Here are some of the steps the company took to turn things around.

Breathe life into merchandise

The first thing the West Elm president Jim Brett did when he took the reigns in 2010 was to revamp the company’s product lines. According to FastCompany, Brett got rid of their “spiritless” (i.e. dull) products and sourced merchandise with more personality and stories behind them.

He “remerchandised the stores and catalogs to convey a sense of creativity and discovery,” and invested more in handcrafted products.

See if you can do the same thing in your store. If sales are flat, it could be because your products aren’t vibrant or unique enough. Perhaps it’s time to spice things up by introducing exotic designers or sourcing from new artists.

Build communities around your stores

Brett also transformed West Elm’s locations from mere “stores” to “community hubs,” by encouraging associates to forge genuine relationships with their customers.

Rather than just selling them stuff, for example, associates and consultants could recommend great restaurants or other establishments.

In addition, West Elm started running classes that encouraged locals to gather ‘round and learn new skills. These classes were non-salesy; instead of trying to subtly push people into buying products, West Elm focused on strengthening their local communities.

But the good thing is, despite their non-promotional nature, Brett told Fast Company that their classes still encouraged customers to “come back more frequently and spend more.”

Send design consultants to people’s homes

West Elm also launched a home-decorating service wherein a consultant would come to a customer’s home for free and help them pick out products—even if those items didn’t come from West Elm.

This may seem counter-intuitive, but it worked great for the company. It allowed them to build trust with their customers and helped them increase their social presence.

Takeaway

More than ever, customers want compelling shopping experiences. It’s not enough to push “stuff”, you need to offer unique in-store experiences that they can’t get in other channels (i.e. ecommerce, mobile) or shops.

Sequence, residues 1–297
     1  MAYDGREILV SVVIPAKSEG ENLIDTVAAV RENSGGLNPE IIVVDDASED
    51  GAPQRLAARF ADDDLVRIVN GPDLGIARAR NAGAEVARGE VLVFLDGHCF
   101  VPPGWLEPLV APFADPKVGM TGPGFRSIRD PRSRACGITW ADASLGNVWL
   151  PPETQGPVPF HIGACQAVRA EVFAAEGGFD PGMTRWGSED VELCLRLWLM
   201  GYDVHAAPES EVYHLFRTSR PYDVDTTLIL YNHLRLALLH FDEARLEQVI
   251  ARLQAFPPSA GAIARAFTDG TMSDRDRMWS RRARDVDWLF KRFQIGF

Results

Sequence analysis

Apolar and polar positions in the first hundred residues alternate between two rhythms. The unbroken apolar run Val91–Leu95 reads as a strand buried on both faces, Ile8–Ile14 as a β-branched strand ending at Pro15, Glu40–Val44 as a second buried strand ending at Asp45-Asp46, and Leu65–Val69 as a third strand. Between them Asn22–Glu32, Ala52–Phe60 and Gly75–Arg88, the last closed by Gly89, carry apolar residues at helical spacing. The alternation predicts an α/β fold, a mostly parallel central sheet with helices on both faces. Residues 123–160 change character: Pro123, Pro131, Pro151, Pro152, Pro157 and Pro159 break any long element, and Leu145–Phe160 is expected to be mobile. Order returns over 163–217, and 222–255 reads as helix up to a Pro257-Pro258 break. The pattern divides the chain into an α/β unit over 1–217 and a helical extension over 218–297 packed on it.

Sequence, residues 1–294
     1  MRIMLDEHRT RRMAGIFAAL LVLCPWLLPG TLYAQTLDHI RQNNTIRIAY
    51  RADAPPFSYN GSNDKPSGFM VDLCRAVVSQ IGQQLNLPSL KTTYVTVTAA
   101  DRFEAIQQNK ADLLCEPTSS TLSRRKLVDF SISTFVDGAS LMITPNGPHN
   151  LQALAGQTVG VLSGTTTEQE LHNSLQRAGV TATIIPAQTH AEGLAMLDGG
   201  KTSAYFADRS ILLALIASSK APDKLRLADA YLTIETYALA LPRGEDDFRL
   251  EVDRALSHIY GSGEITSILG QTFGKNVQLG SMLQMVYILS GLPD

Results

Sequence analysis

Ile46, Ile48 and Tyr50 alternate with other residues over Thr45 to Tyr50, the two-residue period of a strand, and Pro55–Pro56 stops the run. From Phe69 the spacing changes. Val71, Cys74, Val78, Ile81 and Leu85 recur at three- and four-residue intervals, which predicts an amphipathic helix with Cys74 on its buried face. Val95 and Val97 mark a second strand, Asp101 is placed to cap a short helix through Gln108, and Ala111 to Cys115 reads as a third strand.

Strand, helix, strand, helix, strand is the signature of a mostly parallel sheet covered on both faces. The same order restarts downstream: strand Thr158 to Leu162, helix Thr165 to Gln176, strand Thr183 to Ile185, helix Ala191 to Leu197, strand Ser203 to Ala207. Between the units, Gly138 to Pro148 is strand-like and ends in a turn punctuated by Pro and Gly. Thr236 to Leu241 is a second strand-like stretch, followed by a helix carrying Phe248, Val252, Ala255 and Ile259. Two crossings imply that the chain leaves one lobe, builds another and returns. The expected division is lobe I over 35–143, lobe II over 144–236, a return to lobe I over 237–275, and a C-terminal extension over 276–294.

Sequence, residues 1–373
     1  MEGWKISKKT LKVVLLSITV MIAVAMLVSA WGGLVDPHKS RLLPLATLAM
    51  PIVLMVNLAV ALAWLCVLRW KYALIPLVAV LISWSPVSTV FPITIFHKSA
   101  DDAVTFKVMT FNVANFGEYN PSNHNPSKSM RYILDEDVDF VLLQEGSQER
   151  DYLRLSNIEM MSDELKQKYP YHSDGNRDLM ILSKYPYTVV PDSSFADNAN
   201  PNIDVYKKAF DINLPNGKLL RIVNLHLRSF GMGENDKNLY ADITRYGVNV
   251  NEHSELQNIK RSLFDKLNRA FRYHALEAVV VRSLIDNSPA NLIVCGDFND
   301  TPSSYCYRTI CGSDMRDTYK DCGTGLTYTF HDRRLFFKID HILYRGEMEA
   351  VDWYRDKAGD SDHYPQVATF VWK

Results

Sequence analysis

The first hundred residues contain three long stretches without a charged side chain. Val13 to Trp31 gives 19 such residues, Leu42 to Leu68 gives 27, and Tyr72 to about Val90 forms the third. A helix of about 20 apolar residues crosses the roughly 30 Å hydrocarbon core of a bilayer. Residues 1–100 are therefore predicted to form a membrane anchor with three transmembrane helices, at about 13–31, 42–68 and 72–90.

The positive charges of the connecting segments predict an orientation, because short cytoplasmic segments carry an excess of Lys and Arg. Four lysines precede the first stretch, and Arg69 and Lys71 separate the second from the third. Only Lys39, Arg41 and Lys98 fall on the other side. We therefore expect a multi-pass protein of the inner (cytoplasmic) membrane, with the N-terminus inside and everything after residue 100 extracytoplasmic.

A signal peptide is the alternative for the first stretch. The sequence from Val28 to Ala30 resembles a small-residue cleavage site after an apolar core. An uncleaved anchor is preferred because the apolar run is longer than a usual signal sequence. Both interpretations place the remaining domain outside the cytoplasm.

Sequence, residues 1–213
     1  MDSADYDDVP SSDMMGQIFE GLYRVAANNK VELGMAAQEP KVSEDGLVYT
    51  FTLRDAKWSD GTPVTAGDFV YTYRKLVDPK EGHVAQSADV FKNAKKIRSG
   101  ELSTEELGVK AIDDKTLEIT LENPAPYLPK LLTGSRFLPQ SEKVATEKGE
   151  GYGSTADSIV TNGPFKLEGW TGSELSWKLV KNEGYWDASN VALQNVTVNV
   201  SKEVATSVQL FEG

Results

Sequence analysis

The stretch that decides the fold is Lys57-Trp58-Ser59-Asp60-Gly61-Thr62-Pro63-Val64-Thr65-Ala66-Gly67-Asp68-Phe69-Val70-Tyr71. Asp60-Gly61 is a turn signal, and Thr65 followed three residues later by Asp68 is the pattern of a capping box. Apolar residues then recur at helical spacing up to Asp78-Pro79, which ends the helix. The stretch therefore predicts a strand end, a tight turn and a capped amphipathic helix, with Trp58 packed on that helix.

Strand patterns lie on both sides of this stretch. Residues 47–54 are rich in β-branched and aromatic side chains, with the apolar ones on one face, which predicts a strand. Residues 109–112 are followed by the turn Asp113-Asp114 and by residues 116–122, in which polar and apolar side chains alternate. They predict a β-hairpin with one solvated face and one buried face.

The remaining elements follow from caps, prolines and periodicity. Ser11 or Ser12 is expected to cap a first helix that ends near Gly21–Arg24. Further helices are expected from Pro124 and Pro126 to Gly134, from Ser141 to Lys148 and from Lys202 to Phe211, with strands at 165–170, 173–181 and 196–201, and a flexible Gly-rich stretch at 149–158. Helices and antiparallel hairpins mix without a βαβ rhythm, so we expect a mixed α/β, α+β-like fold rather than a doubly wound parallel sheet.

One of the most effective ways to accomplish this is by humanizing your brand, products, and store. Start by personalizing how you interact with customers. Have your associates get to know them better and engage with them in richer ways. Another strategy is to introduce more interesting product lines — ones that are unique and come with stories. You can also build living, breathing communities around your stores through events, classes, and more.

In a nutshell, humanizing your brand boils down to one thing: don’t be a robot. Treat your customers like the unique, individuals that they are.

Implement an omnichannel strategy

One of the best examples of a homeware retailer doing omnichannel right is Crate and Barrel.

The company is aware that shoppers often switch from tablet to smartphone to desktop when browsing, so they’ve made it easier for users to switch from different channels when shopping on their site.

When users are logged into the Crate & Barrel site, the products that they’ve browsed are saved into their account, so they can easily switch devices and pick up where they left off.

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The company also carries out the same seamless experience with their gift registry app. Users are able to create, manage, and monitor their gift registries from multiple channels, allowing them to easily stay on top of things no matter where they are or what device they’re using.

Takeaway